October 4, 2019
Shocking election results! Unified orthographies! Disappearing sandpits! Nuclear otters! All in this week’s Up Here newsletter.

A black fox stands out in the white snow. It's not yet winter in Yellowknife (actually it was quite mild this week) but the cold and snow is coming soon enough.


Well, we had an election in the NWT. The results were certainly dramatic: Razor-thin margins. Mandatory recounts. A historic number of women elected as MLAs. And a number of longterm politicians toppled. The territory also has what appears to be the first father-son MLA duo. That's pretty cool.

Now that we've got the results, it would be a good time for you to go vote in our online poll about which of the front-runners you’d like to see become the
Northwest Territories' next premier. After all, it’s the only vote the public will have in the decision.

As always, thanks for reading,
Jacob Boon 

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Before last week, Canada’s 47,000 Inuit spoke five different dialects using nine writing systems (three in syllabics). And, well, they still do. But now there's also a 
common writing system established for Inuktut. Inuit Tapiriit Kanatami’s board of directors adopted the new system, Inuktut Qaliujaaqpait, during a board meeting in Rankin Inlet last week. It’s the first unified orthography since Inuktut writing systems were introduced in the 1700s by Christian missionaries.

“Our current writing systems were introduced through the process of colonization. The unified Inuktut writing system will be a writing system created by Inuit for Inuit in Canada,” said
ITK president Natan Obed.

While there are many similarities between the regional dialects, the current setup naturally presented many challenges in translating government, literature, and educational material. The new system will use the
Roman alphabet over syllabics—though regions can still use syllabics and other writing systems as desired—and is designed to work for all pronunciations across Inuit Nunangat. (Various)

BreakOut West is rocking Whitehorse this week. The western music industry festival—which hasn't been to Whitehorse since 2011—features over 100 performances and industry events. Included in that schedule is the Western Canadian Music Awards, which last night bestowed Yellowknife’s Carmen Braden its award for Classical Composer of the Year (just in time for the release of her second studio album.) Nunavut’s Northern Haze took home Indigenous Artist of the Year, beating four other nominees, including NWT’s Digawolf. (Various)

After 11,000 years, Yellowknife’s sandpits are almost all used up. The sand from the natural silica deposit just outside the city has been excavated for decades to be used in road and construction projects. It's also what Yellowknife’s airport and golf course are built on. But the grains are almost gone. (CBC)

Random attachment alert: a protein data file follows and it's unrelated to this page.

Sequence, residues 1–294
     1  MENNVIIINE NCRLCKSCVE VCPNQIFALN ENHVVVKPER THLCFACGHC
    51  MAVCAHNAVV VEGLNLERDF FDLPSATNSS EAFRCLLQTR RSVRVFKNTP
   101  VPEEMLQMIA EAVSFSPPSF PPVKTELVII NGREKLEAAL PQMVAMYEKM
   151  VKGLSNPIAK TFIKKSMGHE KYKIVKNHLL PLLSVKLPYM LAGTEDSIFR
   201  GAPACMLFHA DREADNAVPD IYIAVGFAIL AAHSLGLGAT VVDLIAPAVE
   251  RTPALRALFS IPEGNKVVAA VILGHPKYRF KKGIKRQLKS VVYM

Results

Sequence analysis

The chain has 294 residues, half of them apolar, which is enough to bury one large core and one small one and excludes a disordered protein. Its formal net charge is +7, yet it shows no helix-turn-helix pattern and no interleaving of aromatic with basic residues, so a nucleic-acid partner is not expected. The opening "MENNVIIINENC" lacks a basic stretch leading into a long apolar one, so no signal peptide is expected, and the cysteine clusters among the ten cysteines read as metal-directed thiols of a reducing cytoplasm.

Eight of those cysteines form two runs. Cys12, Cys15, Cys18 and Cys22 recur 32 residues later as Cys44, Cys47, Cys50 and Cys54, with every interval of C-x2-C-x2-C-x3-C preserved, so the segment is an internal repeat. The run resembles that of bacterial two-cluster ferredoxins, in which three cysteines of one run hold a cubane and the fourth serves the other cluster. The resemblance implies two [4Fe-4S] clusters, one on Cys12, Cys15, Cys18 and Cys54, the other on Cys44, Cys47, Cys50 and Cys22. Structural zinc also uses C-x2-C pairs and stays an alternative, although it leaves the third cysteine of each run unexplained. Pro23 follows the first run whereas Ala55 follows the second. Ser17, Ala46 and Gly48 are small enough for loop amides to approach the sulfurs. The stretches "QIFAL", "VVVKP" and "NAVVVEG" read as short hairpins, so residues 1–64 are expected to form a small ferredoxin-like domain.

The conventional apple tree won’t grow in the far North. Most can’t survive in permafrost-chilled soils. But bit by bit, grafting hundreds of different varietals to dozens of rootstocks, John Lenart is growing ultra-hardy subarctic apple trees. He is the Johnny Appleseed of the North. (Up Here)

Be whoever you want to be and say whatever you want to say. That's the advice from Riit. The Nunavut singer’s long-awaited debut album, ataataga, is out now. (Nunavut News)

Last summer, a duo from the University of Calgary’s Arctic Institute of North America, discovered the wreckage of the Scottish vessel Nova Zembia—the first shipwrecked High Arctic whaling ship ever found. This summer, they went back to the Baffin Island wreckage and took photos. (Canadian Geographic)
What do you do when mountain skiing doesn’t get you high enough? Welcome, everyone, to the Alaska Wingsuit Project. (Explorer Web)


Finland wants to build a gigantic, 1-billion Christmas theme park, which will include a giant transparent dome, year-round artificial snowfall, gingerbread houses, a Christmas-tree shaped hotel and employment for 10,000 workers. It is ominously named the Republic of Santa Claus. (RCI)

“As nation states negotiate new national boundaries and rights to access resources, the North Pole reminds us that we live on a planet with limits. If we talk about going beyond the pole, it becomes a paradox, because you cannot go further than the North Pole...The North Pole, this placeless place, has been and remains integral to our understanding of our human condition and the way we are bonded to the surface of this planet.” This, from a new history of the Pole by Cambridge University geographer Michael Bravo. (High North News)

Somewhat related to the previous two items; an adventure company is opening an igloo hotel at the North Pole that will cost $100,000 per stay. (Business Insider)

Did you know? Biologists once captured and moved the sea otter population around Amchitka Island in the Aleutians because it was about to be the site of three underground nuclear bomb tests. There are more weird tales of raccoons, wild pigs, and other failed attempts to relocate wildlife in Alaska at the link. (Anchorage Daily News)

Climate change is set to doom humanity, sure, but in the short term, Arctic and Antarctic waters are actually set to increase in economic value as faster shipping routes and new fishing waters open up. But these “benefits” come with far more severe costs, says Oxford biology professor Alex Rogers. “Beware the business opportunists.” (The Conversation)
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